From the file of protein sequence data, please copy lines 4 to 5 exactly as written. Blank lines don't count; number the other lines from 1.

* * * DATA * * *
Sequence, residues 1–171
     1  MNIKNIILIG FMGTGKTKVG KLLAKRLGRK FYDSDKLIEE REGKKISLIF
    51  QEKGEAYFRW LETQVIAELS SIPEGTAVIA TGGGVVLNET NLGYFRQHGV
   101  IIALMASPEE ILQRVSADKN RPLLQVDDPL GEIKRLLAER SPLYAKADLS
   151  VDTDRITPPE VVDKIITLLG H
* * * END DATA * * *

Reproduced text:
   101  IIALMASPEE ILQRVSADKN RPLLQVDDPL GEIKRLLAER SPLYAKADLS
   151  VDTDRITPPE VVDKIITLLG H